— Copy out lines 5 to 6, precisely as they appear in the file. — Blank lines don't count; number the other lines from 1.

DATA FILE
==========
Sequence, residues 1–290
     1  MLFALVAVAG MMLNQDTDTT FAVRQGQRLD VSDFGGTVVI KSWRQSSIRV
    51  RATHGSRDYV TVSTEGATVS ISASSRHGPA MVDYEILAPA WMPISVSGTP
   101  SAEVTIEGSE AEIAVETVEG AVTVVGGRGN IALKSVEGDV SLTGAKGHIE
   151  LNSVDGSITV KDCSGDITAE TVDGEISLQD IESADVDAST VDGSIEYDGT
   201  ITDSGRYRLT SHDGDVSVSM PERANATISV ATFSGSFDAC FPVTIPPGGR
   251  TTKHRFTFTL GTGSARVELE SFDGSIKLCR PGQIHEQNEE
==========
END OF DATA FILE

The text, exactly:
   151  LNSVDGSITV KDCSGDITAE TVDGEISLQD IESADVDAST VDGSIEYDGT
   201  ITDSGRYRLT SHDGDVSVSM PERANATISV ATFSGSFDAC FPVTIPPGGR